A takeout. Removal of a stone from the playing area by hitting it with another stone.
A line 10 meters from the hack at each end of the ice. A stone, to be in play, must completely cross the hog line at the distant end.
The rings or circles toward which play is directed.
A command given to the sweepers to sweep vigorously.
The surface area in which a game is played between two opposing teams.
A rock delivery in which the handle turns in toward the players torso. The rotation applied to the handle of a stone that causes to turn and curl in a clockwise direction for a right handed curler. Counterclockwise for a left handed curler.
A stone delivered between the skip’s broom and the intended target stone or target area.
Rocks that are in play but useless for point score and creates an effective shield against any points taken.
A stone delivered with less than the weight required to successfully complete the desired shot.
The first player to throw the first and second rock for a team.
MISSED THE BROOM
Thrown stone was off target.
A stone delivered between the skip’s broom and the intended target stone or target area.
A stone delivered opposite side of the skip’s broom and the intended target stone or target area.
The rotation applied to the handle of a stone that causes to turn and curl in a counter-clockwise direction for a right handed curler.
OVER THE HOG LINE
A stone that is released from the curler’s hand after reaching the hogline at the end of delivery.
A small bead of ice on the ice surface caused by the sprinkling of water.
A take out shot that removes a stone from play and the delivered stone also rolls out of play by thinly hitting the stationary target rock.
An opening between two stones that is just large enough to allow passage of another stone.
A deliberate bump of a stationary rock into further play by a delivered rock.
The skill by which the skip anticipates the amount a stone will curl relative to the weight required.
The circles towards which play is directed.
Can either be a reference for a “team” or the building in which the game is played.
The movement of a curling stone after it has struck a stationary stone in play.
Small dips or hollows in the ice that restrict the stone from curling in its intended path.
A take out shot that travels very fast.
The player after the ‘lead’ – usually delivers the third and fourth rocks.
The specific playing surface upon which a curling game is played.
At any time during an end, the stone which is closest to the button.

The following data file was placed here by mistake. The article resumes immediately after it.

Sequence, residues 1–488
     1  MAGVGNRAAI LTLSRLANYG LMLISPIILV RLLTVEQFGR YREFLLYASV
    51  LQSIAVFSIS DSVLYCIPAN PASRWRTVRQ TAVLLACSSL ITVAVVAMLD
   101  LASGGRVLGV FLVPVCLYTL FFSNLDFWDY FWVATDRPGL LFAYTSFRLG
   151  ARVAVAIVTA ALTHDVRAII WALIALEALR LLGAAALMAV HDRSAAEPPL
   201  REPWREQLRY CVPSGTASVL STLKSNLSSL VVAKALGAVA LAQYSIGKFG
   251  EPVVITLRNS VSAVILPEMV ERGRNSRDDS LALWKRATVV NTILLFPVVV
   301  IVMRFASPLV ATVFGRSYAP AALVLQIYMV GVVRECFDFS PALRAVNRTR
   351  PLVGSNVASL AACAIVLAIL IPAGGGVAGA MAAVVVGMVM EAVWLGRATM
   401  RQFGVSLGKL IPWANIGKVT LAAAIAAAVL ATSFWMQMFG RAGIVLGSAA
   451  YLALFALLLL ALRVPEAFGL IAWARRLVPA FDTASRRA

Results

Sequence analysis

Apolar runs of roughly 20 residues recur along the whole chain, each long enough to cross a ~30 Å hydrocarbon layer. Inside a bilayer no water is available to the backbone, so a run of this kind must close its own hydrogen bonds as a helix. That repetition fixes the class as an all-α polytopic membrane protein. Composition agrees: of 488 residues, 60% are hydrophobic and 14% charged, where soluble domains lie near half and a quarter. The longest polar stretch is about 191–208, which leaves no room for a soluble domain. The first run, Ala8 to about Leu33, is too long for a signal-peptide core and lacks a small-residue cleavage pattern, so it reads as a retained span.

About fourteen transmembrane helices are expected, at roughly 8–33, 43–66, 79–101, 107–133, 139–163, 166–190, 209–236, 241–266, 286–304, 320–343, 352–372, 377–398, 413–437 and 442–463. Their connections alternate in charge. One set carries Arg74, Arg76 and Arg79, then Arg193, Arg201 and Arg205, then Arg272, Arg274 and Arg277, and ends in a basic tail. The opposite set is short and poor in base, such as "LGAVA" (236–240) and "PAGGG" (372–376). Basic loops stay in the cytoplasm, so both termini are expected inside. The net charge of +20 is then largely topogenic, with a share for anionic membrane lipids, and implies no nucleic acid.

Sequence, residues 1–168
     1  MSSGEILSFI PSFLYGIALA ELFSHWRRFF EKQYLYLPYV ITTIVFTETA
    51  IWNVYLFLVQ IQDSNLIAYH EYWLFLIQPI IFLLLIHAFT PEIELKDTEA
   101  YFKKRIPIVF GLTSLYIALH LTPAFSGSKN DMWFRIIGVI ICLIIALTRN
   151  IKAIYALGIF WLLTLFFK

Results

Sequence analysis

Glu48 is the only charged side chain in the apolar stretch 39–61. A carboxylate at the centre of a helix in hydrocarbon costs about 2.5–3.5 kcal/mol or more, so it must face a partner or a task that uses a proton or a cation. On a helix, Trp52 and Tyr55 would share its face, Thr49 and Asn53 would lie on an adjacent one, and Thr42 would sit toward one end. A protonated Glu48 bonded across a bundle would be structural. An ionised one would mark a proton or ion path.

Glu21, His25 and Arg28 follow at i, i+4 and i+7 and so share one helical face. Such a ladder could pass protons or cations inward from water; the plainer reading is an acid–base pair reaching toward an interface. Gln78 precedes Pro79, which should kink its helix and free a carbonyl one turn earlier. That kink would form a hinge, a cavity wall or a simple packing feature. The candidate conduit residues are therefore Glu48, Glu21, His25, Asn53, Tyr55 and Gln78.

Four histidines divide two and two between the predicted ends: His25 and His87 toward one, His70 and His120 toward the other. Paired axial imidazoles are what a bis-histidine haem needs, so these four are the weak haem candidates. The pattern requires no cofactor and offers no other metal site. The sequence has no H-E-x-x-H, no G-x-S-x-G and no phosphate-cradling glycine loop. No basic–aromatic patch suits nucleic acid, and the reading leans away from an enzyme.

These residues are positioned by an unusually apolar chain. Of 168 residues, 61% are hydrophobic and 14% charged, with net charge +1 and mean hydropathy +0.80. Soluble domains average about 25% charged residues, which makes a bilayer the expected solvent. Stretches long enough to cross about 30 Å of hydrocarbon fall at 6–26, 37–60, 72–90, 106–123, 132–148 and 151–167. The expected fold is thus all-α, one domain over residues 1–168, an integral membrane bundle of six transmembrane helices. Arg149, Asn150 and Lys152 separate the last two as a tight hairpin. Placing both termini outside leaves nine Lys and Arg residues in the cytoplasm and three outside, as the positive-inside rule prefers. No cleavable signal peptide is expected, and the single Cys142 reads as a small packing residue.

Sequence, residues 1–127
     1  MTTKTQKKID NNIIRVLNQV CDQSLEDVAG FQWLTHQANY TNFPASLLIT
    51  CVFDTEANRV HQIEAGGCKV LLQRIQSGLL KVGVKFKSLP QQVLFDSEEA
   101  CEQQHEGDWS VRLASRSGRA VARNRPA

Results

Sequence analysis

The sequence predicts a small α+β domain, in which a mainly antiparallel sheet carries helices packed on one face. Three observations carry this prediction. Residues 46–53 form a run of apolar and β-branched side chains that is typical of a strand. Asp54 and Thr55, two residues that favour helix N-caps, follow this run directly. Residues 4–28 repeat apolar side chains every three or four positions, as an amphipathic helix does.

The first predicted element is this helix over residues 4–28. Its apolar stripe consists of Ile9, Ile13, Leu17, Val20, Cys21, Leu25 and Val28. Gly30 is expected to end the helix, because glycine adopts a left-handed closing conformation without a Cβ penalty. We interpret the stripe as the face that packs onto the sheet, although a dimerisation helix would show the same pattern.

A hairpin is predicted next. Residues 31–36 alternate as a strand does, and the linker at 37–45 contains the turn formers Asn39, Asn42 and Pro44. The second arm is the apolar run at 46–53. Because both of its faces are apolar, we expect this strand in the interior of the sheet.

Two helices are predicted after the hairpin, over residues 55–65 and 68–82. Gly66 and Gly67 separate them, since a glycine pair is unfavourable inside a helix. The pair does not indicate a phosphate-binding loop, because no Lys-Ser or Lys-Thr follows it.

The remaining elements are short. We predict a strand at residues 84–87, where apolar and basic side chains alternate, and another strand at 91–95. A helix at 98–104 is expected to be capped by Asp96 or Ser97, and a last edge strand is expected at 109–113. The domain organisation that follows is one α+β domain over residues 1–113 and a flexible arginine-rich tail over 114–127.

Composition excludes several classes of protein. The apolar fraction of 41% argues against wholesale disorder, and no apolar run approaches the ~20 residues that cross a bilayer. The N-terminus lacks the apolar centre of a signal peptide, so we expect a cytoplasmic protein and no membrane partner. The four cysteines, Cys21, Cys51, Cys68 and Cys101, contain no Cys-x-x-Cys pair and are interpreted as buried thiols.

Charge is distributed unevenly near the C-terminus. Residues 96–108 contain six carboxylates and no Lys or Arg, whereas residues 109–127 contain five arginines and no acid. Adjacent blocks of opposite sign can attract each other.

The player who determines strategy, reads the ice and directs play for his team. Generally the skip delivers the last pair of stones for his team in each end.
Heavy ice. Ice that requires more momentum than normal to produce the required amount of weight.
An alternate player or substitute.
A stone that is released and rotates far too many times as it travels down the sheet.
A stone that raises another stone into the rings and rolls in itself.
A stone that is released without any rotation applied to the handle at release.
The action of moving a broom or brush back and forth in the path of a moving stone.
Ice conditions which cause the stone to curl a greater distance than normal.
The action of hitting a rock out of play, usually an opposing team’s rock.
TAP (TAP BACK)
A slight movement of a rock by hitting one rock against another for strategic play.
The line that passes through the centre of the house that runs at right angles to the centre line.
THIRD, VICE-SKIP OR MATE
The third player on a team to throw two stones in each end, usually the fifth and sixth rocks. Generally this player acts as the skip when the skip is delivering his/her stones and assists with shot selection decisions.
TOURNAMENT OF HEARTS
The Canadian Womens Curling Championship.
A stone which, at release, is directed toward the target or target area and not directly at the skip’s broom.
Velocity of a delivered rock.
To hit only a small portion of a stone.
WICK AND ROLL
To hit a small portion of a stone and roll the delivered stone to another location.
A stone that is delivered to the opposite side of the broom than the target stone or target area.
A shot that accidentally wicks off a stone in front of the house.